County seeks bike path recognition


By Laurie Hamame - lhamame@aimmediamidwest.com



A combination of roadways and trails make up US Bicycle Route 50, a 313-mile stretch that runs through the heart of Ohio — and the only bicycle path officially recognized by the Ohio Department of Transportation.

But the dozens of bicycle trails in Lorain County are not part of the national network, leaving cross-country cyclists unaware of all that exists to see and do in Northeast Ohio, county commissioners argue.

They passed a resolution July 11 urging ODOT to include the three established bike routes in Lorain County on a map.

The longest of those routes is the 13-mile North Coast Inland Trail, which passes through Oberlin on its way from Kipton to Elyria.

To local leaders, cycling represents an opportunity to net tourism dollars.

“Serious bicyclists spend a lot of money when they go on these trips and make these ventures so we want everybody to clearly know that these designations are here in Lorain County,” said commissioner Matt Lundy.

Lorain County Metro Parks director Jim Ziemnik said he found a cycling tour from Chicago to New York that costs $5,000 per person. The route takes riders straight through Indiana and Columbus along USBR 50, completely bypassing Northeast Ohio.

ODOT should help showcase the trails that bring bikes to our scenic lakeshore vistas and charming towns, he said.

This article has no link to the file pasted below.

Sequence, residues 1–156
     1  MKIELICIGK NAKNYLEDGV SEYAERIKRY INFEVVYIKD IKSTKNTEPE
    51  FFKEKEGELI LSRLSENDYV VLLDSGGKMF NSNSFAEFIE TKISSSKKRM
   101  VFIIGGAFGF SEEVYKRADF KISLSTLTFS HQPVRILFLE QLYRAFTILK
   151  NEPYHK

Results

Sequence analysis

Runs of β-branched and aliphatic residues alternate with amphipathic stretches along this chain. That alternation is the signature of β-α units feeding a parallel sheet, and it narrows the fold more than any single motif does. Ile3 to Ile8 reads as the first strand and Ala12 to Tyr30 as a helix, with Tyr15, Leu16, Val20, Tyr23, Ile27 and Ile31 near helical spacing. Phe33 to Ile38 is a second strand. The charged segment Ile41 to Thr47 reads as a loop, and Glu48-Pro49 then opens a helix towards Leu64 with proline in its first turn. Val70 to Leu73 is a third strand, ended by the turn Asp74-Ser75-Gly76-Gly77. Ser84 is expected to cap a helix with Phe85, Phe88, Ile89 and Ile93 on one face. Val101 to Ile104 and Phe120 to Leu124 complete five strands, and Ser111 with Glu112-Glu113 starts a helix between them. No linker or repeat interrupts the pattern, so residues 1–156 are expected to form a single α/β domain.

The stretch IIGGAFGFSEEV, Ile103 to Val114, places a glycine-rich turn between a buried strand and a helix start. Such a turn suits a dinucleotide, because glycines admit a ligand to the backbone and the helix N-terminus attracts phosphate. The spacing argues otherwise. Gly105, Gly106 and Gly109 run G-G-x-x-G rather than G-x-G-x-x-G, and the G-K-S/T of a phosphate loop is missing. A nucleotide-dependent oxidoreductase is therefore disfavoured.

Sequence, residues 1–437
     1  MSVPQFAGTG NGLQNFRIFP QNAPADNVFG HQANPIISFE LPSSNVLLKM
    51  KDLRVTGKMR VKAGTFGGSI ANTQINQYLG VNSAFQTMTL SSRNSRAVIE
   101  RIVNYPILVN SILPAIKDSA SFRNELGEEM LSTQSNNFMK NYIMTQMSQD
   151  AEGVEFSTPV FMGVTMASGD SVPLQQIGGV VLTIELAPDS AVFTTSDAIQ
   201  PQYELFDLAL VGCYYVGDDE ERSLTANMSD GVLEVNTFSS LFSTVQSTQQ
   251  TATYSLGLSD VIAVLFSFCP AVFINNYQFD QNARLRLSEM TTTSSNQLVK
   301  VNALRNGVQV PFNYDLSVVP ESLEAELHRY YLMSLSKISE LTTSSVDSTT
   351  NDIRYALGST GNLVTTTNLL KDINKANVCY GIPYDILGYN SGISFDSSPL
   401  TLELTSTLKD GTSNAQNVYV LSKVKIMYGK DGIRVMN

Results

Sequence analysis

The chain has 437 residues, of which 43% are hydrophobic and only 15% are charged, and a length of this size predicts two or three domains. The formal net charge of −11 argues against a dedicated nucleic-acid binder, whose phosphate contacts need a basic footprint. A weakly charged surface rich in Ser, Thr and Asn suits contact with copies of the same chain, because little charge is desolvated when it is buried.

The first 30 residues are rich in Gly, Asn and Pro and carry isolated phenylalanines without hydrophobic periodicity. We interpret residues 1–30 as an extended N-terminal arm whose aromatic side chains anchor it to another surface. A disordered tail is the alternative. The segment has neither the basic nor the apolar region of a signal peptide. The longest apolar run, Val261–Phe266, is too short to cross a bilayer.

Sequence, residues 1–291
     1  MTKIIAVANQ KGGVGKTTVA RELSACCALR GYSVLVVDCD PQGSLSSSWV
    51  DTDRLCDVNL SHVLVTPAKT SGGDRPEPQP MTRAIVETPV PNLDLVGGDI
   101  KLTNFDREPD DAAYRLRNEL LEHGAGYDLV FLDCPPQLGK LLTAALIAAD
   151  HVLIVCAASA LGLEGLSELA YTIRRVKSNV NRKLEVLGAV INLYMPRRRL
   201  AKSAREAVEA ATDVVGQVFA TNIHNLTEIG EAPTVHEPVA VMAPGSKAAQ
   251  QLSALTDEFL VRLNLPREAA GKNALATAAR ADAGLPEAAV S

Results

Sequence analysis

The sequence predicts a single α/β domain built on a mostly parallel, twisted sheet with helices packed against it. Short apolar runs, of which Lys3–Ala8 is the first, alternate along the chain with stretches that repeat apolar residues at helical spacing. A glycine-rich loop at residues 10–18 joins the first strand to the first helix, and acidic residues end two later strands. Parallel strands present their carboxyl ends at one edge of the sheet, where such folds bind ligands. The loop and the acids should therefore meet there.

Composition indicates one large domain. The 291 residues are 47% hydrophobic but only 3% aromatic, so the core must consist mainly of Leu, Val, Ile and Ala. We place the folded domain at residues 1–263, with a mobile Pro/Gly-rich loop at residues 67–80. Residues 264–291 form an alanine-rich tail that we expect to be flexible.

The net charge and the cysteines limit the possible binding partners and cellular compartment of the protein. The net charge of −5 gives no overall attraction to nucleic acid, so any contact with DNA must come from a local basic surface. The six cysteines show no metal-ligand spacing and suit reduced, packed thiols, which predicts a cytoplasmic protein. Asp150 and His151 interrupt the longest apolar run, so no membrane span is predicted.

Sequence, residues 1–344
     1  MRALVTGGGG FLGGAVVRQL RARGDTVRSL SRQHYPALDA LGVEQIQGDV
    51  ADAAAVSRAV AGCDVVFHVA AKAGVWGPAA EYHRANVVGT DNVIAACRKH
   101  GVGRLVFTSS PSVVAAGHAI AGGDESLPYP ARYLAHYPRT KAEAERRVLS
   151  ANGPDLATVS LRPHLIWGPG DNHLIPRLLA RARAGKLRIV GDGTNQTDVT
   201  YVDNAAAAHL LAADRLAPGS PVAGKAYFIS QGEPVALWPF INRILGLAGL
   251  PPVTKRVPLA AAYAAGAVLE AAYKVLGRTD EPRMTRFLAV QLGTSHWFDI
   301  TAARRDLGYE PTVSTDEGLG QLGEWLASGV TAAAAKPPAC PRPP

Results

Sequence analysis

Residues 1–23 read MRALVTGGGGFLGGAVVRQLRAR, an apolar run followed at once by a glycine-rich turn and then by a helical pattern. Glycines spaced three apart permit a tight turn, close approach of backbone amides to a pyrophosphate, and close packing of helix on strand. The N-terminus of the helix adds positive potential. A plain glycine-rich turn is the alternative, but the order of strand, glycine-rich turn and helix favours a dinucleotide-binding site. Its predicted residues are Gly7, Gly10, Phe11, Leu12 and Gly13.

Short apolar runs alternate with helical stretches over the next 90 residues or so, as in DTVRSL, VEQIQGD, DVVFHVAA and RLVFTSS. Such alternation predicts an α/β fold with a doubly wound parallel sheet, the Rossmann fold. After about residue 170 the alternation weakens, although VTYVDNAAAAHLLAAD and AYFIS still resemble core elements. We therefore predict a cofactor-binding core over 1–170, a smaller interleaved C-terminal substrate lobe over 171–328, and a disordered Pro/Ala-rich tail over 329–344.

“Oberlin is so nationally renowned. There are so many things to see and do that are historically significant. It’s a sin that we don’t have these designations. We need people coming through,” he said. “We want them to stop, eat, and spend money.”

The initiative has been on Ziemnik’s radar since 2015.

Every municipality along the route must approve the designation and get support from state legislators. Oberlin city council has yet to sign off.

Once approved, signs will be placed along the trails that are reminiscent of the federal highway system, but on a smaller scale.

Ziemnik hopes to see communities using signage to stir revenue and tourism by attaching destination markers such as “Allen Memorial Art Museum in a quarter mile.”

“When you’re on the federal highway, you see those types of signs. It becomes a destination. After biking 50 miles, every cyclist is going to want to stay at the Oberlin Inn,” he said.

To date, more than 13,000 miles of U.S. bicycle routes have been approved in 25 states.

When complete, 50,000 miles will be listed on an interactive map at www.adventurecycling.org.

Laurie Hamame can be reached at 440-775-1611 or @HamameNews on Twitter.

By Laurie Hamame

lhamame@aimmediamidwest.com